"We have a big appetite for projects, and for wonderful projects, but I think we also have to be practical," Holman said.
Tanaka, who has consistently opposed moving ahead with a tax increase, once again made the case for sharpening pencils and cutting costs. He also sympathized with the hotel owners and suggested that the city's capacity to raise hotel taxes is not unlimited. Palo Alto, he observed, doesn't have a huge draw like Disneyland. Nor is it in a deserted area with no other hotels within 50 miles. Mountain View and Menlo Park hotels are a bike ride away, he said.
"To me this is rushed, this is not well thought out," Tanaka said. "It might actually hurt us. We can actually get less money."
Kou agreed and argued that it's unfair to focus on hotels as a strategy to pay for infrastructure.
"I really think just targeting one type of business -- hotels -- is just something that's not sustainable," Kou said.
But while one proposed tax measure advanced to the ballot, another one will be deferred. In its first full debate on the topic, the council voted Monday not to proceed with a soda tax measure in November -- an idea that has been generating momentum in City Hall this year.
Most council members indicated that they generally support a tax of 2 cents per ounce on distributors of sugar-flavored beverages. Four council members, Cory Wolbach, Greg Tanaka, Mayor Liz Kniss and Karen Holman, had been preparing to co-sign a memo urging such a tax, Wolbach said.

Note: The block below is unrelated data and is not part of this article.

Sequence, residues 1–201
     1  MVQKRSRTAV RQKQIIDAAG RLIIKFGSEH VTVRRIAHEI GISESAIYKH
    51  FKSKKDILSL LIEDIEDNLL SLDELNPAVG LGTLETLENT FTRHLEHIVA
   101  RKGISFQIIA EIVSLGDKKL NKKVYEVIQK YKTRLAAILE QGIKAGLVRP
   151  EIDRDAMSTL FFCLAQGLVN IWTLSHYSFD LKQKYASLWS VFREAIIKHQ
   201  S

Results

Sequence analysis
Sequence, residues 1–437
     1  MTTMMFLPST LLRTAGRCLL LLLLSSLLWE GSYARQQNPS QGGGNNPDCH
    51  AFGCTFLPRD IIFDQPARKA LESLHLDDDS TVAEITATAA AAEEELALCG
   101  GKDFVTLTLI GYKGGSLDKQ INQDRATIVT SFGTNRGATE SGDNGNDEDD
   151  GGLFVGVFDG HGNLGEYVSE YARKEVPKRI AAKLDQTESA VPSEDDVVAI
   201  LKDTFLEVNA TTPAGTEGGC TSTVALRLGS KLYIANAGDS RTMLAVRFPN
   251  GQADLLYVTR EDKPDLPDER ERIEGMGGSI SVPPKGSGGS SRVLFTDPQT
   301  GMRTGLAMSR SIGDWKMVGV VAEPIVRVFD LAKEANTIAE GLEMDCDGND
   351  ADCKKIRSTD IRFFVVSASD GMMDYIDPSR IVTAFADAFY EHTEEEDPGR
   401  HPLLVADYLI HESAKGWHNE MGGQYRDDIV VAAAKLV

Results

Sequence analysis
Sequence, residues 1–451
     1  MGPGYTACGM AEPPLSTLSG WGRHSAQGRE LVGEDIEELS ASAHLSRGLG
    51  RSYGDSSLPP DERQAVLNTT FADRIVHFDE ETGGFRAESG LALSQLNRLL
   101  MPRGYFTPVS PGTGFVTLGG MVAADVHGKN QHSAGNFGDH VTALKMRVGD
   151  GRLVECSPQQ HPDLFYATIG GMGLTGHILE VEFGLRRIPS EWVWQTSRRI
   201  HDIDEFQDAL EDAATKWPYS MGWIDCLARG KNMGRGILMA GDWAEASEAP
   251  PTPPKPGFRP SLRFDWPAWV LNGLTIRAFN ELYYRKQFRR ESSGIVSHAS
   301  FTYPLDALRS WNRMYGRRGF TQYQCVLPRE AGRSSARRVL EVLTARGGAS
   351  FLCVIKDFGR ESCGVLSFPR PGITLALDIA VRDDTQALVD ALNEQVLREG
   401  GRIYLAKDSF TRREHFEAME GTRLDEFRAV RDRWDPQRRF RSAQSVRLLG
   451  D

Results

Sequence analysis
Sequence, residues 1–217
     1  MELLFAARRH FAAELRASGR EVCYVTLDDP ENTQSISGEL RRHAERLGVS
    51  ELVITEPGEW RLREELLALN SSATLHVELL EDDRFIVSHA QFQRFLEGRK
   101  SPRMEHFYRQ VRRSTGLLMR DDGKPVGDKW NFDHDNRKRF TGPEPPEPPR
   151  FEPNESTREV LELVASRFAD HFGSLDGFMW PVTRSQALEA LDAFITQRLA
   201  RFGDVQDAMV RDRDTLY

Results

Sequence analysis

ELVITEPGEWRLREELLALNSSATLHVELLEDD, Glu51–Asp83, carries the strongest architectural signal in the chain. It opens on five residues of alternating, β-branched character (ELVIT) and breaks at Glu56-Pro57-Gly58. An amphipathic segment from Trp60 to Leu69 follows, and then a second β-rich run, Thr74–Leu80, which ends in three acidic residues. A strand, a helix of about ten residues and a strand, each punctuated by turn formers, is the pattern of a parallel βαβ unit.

On Monday, however, most council members agreed that they probably need more time to craft a proper measure. They voted 8-1 to refer the potential soda tax to its Policy and Services Committee, which will refine the proposal and pave the way for placing it on the 2020 ballot.
For supporters of the soda tax, the results from the FM3 survey proved bittersweet. The survey showed between 49 percent and 52 percent of the respondents indicated support for such a tax, with 33 percent saying they would "definitely" vote in its favor. In other words, if the vote were held today, it would be a toss-up.
Councilman Tom DuBois lobbied for moving ahead with the soda tax and to model it after Berkeley's existing ordinance. His proposal fell by a 4-5 vote, with Scharff, Kou and Holman joining him.